01 Nov South Coast Sea Changers Driving Prices Upwards
The South Coast property market sat dormant for years after the global financial crisis. But now prices in the Shoalhaven area near Nowra and the pristine waters of Jervis Bay are growing faster than Sydney.
All of sudden, families and seachangers? who can’t afford the city or coastal areas to the north are heading there in droves, pushing up values.
Whereas it used to often take six weeks and often far longer, agents say buyers are fighting over homes and they’re selling in days for prices far higher than expected.
“I’ve never seen it like this,” says Ray White agent Vanessa Middleton, who has lived in the Callala Bay area for 21 years, selling property there in the past decade.
“I thought it would quieten down before the election and winter, but so many people want to live in this area now.”
Buyers are attracted to the relative affordability close to the beach: despite recent price growth, four-bedroom family homes are still available for under $500,000 – half Sydney’s median. She says buyers are coming from all parts of Sydney, from Bondi to Blacktown.
Middleton points to the recent sale of a house opposite the beach on waterfront reserve at 20 Greenway Road, Callala Beach. Listed at $865,000, it went for $872,000. “It had buyers fighting over it,” she says. It had previously sold for $730,000 four years ago.
Domain Group chief economist Dr Andrew Wilson confirms that South Coast property is on the rise, with the Shoalhaven district (which includes Callala Bay and Callala Beach) recording a 17.7 per cent rise over the year to June – double Byron Bay’s growth and even Sydney’s over the same period.
For the six years between 2007 and 2013, Shoalhaven prices had risen just 1 per cent a year. Since 2013, they’ve jumped 38 per cent – 6.9 per cent in just the past quarter. “It’s now growing faster than Sydney,” Dr Wilson said.
Dr Wilson says after 50 per cent growth in Sydney house prices in just three years and booming prices in northern hot spots like Byron Bay, the south coast looks like a bargain. “There’s good value there,” he says.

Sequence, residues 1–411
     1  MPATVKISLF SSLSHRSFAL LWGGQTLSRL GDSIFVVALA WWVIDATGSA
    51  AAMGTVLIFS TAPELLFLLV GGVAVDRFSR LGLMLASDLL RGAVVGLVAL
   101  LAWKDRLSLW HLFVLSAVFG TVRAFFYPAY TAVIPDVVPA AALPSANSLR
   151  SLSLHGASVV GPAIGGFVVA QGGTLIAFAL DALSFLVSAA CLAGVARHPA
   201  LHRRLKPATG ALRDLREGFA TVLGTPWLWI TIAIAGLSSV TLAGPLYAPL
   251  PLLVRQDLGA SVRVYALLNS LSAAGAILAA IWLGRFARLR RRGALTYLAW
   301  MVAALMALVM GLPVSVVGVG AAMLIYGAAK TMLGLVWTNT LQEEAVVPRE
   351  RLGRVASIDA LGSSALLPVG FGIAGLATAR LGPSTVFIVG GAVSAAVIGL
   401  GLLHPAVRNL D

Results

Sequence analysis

While Shoalhaven had the highest annual growth, Wollongong prices grew 13.6 per cent. That compares with Byron’s 9.6 per cent, after considerably higher growth in recent years.
Agents such as Carrie Bond of South Coast Prestige Properties confirms homes are often selling on the first day of the open house, with a flood of Sydneysiders looking. “They’re heading south and finding they can get a lot more for their money,” she says.
“If something comes on the market in the lower price range, it’s gone quickly.”
Dr Wilson attributes Wollongong’s booming market – it now has a median house price above $600,000 – to home-hunters attracted by its lifestyle benefits and more affordable housing. Many commute to Sydney for work. “Buyers have been priced out of the Sydney market,” he says. “Wollongong has become a suburb of Sydney … it takes less time to get in to Sydney from Wollongong than it does from Penrith.”
Knight Frank Research says the Wollongong region had the second-highest capital growth in Australia with a 15 per cent annual change over the first quarter of the year, compared with the first quarter a year before.
Wollongong was behind the Blue Mountains, which had 17.8 per cent growth, but ahead of the Central Coast’s 13.6 per cent. “The residential market in Wollongong responds to heated property prices in Sydney, offering reasonable proximity to Sydney by road and rail, whilst offering a coastal lifestyle,” said Knight Frank’s director of residential research, Michelle Ciesielski.